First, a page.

Although Benzedrine seemed to play a significant role in behavior modification, Bradley stressed that the drug could only offer a supplementary approach to the treatment of behavioral problems because of its inconsistencies.
He reflected: “This approach in no sense replaces that of modifying a child’s surroundings and so removing the sources of conflict . . . Neither can it offer the same assurance of mental health as do forms of psychotherapy which enable a child to work out his emotional problems”
This conclusion followed his model of misbehavior as both social maladjustment and organic disease.
Obviously, Bradley was a cautious man, hewing to the evidence. His caution probably benefitted the legitimacy of ADHD in the long run. In the short run, however, many children did not receive the help they needed.
2. The Amphetamine Epidemic of 1921-1971
The other potential explanation for the lack of scientific interest in this discovery? It happened during the Amphetamine Epidemic of 1921-1971. Yes, that’s a huge time span.
Benzedrine had legitimate medical uses. Yet, some people also took it “recreationally” – that is, abused the drug. How many “drug abusers” actually had ADHD and found legitimate cognitive benefit from the Benzedrine? We’ll never know.
I wrote briefly about this here, featuring an amazing vintage animation: Did Mrs. Murphy Abuse Benzedrine—Or Did She Have ADHD?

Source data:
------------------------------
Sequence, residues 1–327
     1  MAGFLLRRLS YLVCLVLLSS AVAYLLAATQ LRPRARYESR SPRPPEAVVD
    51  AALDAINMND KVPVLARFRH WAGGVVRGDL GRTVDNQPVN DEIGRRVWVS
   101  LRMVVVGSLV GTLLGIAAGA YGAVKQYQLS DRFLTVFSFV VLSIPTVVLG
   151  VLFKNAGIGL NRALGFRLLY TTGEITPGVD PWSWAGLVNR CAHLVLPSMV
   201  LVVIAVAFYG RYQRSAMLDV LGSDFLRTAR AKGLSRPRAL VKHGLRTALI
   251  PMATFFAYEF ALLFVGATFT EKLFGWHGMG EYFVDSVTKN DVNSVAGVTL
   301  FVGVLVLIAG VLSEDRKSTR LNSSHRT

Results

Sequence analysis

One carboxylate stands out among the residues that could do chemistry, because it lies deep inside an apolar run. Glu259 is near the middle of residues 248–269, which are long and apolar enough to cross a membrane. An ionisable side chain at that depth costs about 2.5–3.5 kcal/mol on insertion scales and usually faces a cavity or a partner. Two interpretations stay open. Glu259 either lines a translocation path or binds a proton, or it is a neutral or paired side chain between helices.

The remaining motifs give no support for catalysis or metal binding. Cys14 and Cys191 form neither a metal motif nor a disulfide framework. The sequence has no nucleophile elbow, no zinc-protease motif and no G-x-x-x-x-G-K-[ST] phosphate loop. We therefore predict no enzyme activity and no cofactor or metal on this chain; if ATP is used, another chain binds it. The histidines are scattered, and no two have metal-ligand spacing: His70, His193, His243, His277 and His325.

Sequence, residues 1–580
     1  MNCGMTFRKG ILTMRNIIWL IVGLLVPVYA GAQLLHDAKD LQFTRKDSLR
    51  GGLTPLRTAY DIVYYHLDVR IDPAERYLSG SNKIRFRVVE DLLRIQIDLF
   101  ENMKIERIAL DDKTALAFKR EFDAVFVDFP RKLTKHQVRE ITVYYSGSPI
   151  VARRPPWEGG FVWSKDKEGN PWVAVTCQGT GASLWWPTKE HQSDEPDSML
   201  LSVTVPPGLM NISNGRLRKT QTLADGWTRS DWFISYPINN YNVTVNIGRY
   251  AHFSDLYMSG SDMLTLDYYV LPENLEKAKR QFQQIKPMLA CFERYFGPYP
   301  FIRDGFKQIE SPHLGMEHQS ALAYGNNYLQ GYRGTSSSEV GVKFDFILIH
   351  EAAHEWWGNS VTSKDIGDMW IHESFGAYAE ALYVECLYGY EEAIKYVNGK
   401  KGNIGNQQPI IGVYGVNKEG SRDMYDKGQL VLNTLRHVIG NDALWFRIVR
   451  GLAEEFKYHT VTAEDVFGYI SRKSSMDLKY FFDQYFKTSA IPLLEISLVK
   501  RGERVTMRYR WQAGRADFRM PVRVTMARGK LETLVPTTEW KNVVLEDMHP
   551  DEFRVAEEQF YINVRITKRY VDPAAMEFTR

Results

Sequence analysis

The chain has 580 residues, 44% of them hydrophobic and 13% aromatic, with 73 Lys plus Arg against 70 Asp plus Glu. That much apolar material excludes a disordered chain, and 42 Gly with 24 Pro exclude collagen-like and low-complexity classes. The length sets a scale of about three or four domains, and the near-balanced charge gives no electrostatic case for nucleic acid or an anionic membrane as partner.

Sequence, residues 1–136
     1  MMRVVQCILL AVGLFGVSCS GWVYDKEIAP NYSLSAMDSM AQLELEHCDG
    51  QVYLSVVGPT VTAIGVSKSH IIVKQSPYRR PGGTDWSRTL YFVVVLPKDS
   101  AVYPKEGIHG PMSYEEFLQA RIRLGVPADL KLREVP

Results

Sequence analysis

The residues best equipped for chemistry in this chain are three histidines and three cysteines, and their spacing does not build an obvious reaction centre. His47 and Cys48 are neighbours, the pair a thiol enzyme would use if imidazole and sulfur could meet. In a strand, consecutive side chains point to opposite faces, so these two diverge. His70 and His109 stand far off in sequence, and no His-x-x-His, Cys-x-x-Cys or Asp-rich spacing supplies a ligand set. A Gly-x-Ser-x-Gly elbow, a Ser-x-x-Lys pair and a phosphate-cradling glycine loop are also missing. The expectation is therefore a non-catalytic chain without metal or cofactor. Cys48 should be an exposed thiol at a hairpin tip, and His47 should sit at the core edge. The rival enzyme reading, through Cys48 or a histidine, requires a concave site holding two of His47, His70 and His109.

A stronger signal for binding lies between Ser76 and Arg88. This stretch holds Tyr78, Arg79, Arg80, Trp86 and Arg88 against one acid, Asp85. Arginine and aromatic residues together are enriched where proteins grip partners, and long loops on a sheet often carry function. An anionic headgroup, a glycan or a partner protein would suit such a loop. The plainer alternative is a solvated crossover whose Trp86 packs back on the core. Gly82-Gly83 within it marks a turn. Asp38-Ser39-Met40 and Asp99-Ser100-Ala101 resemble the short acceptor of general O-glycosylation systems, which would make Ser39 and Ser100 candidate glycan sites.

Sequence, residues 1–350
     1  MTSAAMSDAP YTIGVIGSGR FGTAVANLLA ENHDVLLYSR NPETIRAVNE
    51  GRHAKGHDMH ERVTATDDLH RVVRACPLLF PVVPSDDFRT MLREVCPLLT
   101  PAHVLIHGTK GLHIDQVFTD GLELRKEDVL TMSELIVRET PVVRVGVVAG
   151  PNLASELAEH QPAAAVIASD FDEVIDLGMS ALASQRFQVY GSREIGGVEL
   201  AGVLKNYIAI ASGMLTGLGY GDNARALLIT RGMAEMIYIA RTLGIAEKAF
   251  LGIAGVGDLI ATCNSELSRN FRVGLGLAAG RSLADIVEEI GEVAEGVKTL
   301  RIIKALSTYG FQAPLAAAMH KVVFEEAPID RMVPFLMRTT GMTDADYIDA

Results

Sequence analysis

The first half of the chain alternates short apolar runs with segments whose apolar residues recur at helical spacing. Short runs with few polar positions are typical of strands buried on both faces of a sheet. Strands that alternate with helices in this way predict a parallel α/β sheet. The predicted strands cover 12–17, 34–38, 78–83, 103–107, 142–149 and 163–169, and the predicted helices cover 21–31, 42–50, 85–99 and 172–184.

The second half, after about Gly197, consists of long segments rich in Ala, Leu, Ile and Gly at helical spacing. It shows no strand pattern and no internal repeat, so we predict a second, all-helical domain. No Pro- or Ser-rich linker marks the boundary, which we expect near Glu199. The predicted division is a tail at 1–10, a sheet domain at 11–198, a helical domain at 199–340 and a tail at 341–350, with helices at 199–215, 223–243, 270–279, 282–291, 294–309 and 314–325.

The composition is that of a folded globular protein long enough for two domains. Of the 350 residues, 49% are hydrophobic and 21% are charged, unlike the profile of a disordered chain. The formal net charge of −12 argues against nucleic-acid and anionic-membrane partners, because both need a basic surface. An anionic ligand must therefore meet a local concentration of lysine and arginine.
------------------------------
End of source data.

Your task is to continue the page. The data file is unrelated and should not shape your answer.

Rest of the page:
1955: Ritalin Arrives
Twenty years after Dr. Bradley’s remarkable discovery, a milder version of Benzedrine came on the market. The year was 1955. The medication was Ritalin.
Many factors led to the rise of diagnosis and medical treatment of ADHD, first in children and much later in adults.
For now, I seek only to explain the complex historical circumstances behind this beneficial discovery, in the context of an earlier pandemic to the one we are living through now:
- The stimulant’s effect became known by accident, in 1935, when a doctor sought to ease children’s post-operative pain, not to change behavior
- This doctor worked in a privately funded, compassionately run home for children with psychiatric and behavioral issues—a rarity in that time, especially with the pediatric pandemic survivors desperately needing such care
- The hospital’s founders were parents who wanted to help children like their daughter, who suffered from post-influenza encephalitis and other neurological illnesses for which there was no available care.
Next up: the final post in this 4-part series examines how the adult victims of Encephalitis Lethargica spurred neuroscientist Oliver Sacks’ experiments with Parkinson’s drug L-Dopa. Robin Williams starred in the movie based on Sacks’ book: Awakenings.